After the major excitement of multiple kills by wild dogs at the end of 2011, the beginning of the year was off to a more sedate pace. However, this soon picked up with the wild dogs again chasing and killing impala. At the end of the month they had spent time very close to Lagoon Camp
, and managed to bring down three baby impalas in one day. All the puppies from last year are growing up fit and strong – 100% survivor rate, which is excellent news for the highly endangered wild dog population.
The New Year also brought in new visitors – a male lion of approximately 8 years old, in excellent condition, was seen on his own by Giraffe Pan. He may have overstepped his boundaries intentionally for a look to see who challenges him, or he may have been forced out by a stronger pride. It will be interesting to see if he stays around, and if he has any altercations with the other lions resident in the area.
In the second week of January we had a lovely female leopard seen around the airstrip. She was very relaxed, and spent considerable time hunting and scent marking. This is a good indication that she is getting ready to mate, and is interested in marking her status as
Although the big buffalo herds have moved off into the thick mopane veld now that rainwater has collected in many of the pans, the breeding herds of elephants are spending a lot of time in the area.
It is a little more challenging to see animals on the night drives at this time of year, with the grasses being high, but hyenas and side-striped jackals were seen regularly in the area close to the airstrip, and there was lots of activity seen of the shy nocturnal aardvark, but sadly not the creature itself!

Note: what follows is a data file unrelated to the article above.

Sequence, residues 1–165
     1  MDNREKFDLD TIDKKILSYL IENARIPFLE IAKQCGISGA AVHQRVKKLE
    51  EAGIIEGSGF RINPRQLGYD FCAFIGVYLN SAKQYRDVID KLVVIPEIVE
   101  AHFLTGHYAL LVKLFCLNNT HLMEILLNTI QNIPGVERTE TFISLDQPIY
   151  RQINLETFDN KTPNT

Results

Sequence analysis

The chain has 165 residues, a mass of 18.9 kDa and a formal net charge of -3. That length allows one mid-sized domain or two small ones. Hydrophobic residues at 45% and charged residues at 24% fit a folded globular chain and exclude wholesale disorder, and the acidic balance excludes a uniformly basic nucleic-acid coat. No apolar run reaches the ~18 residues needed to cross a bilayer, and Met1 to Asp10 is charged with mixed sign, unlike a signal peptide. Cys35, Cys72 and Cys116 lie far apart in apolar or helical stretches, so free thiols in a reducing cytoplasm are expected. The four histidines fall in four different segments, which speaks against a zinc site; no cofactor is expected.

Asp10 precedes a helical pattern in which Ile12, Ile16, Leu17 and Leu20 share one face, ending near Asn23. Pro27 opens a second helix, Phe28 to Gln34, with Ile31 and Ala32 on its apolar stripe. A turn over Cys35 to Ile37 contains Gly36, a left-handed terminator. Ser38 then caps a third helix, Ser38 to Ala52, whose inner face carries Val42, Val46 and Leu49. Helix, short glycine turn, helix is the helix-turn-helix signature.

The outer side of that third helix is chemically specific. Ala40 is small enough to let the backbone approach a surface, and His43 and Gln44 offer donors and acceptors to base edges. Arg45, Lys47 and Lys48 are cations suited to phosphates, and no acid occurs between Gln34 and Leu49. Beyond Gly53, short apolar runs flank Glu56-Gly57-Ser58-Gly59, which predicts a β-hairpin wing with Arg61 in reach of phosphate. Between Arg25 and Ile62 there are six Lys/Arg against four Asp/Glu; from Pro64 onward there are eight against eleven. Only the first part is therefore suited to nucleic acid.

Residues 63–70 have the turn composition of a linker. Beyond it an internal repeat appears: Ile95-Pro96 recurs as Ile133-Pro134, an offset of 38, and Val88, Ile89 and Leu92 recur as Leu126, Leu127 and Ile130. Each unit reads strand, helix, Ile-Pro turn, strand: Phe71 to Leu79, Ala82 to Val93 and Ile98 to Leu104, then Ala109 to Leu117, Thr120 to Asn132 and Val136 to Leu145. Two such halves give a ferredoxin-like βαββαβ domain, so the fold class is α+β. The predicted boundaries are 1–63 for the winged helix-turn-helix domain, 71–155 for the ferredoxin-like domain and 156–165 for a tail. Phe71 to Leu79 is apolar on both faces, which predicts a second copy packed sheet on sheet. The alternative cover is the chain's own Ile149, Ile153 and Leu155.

The camp was closed for 10 days for annual maintenance in January, so we didnt have a chance to see some of the regulars such as the cheetah brothers during that time, but hopefully they will be waiting for us in early February!
The stillness of the night is broken by the distant roaring of lions. The quiet tip-toeing of a whitish-grey elephant as it looms across the plain in the moonlight, heading to the waterhole. Theres a rustling from a few metres away – a scrub hare, nibbling on grass shoots. Then the shuffle and neighing, as a herd of zebra move in. Sometimes, the best sightings are those that you dont actually see, but the combination of sound, (or silence) smell, and glimmers in the dark. Sitting on the deck in front of the your room at Nxai Pan
at night, no clouds in the sky – its not a view necessarily of animals that is magical, but its an experience that will be one of the highlights of your trip. The horizon stretches on, only stopping where the pin points of stars disappear.
Very little rainfall since the beginning of December has meant the animals have been forced to return to the waterholes dotted around the park. This means plenty of action also at the camp waterhole, with elephants chasing zebra out of the way, so they can drink, and shy brown hyenas slinking in to have a quick sip as the sun slowly rises above the horizon.
Lion sightings have been numerous, with the pride of four females with two nearly adult cubs and three 8 month old cubs being seen on most days. Sometimes relaxing in the shade near the waterholes, keeping an eye on the general game that moves past them, waiting for an opportunity to catch some unsuspecting prey. A big male lion was also seen at the side of one of the waterholes, relaxing after a long night of prowling his territory. A female cheetah with two cubs was also seen regularly – her offspring look fit, and well-cared for. This is prime time for catching springbok babies that are in abundance at the moment. It is up to the mother to teach her cubs how to hunt, and she does this by catching a young buck but not killing it, and then giving it to the cubs to kill (not always successfully…)
Wonderful general game throughout the park, with the zebras having arrived – though not in the numbers that they were last year due to the late rains. Giraffes, wildebeest, springboks and all their babies bouncing everywhere, create a wonderful atmosphere on the drives.
The good birding continues, with red crested shrikes, crimson breasted shrikes, marico flycatchers, scaly feathered finches, little sparrow hawks and steppe buzzards.